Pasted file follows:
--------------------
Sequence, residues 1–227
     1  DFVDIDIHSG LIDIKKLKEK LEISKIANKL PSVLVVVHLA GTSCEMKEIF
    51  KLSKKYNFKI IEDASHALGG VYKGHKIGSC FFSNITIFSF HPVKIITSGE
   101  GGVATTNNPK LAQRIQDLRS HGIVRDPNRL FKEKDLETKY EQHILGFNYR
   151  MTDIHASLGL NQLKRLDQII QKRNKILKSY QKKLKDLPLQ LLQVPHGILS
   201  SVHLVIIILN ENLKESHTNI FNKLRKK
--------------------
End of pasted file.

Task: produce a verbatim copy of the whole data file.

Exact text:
Sequence, residues 1–227
     1  DFVDIDIHSG LIDIKKLKEK LEISKIANKL PSVLVVVHLA GTSCEMKEIF
    51  KLSKKYNFKI IEDASHALGG VYKGHKIGSC FFSNITIFSF HPVKIITSGE
   101  GGVATTNNPK LAQRIQDLRS HGIVRDPNRL FKEKDLETKY EQHILGFNYR
   151  MTDIHASLGL NQLKRLDQII QKRNKILKSY QKKLKDLPLQ LLQVPHGILS
   201  SVHLVIIILN ENLKESHTNI FNKLRKK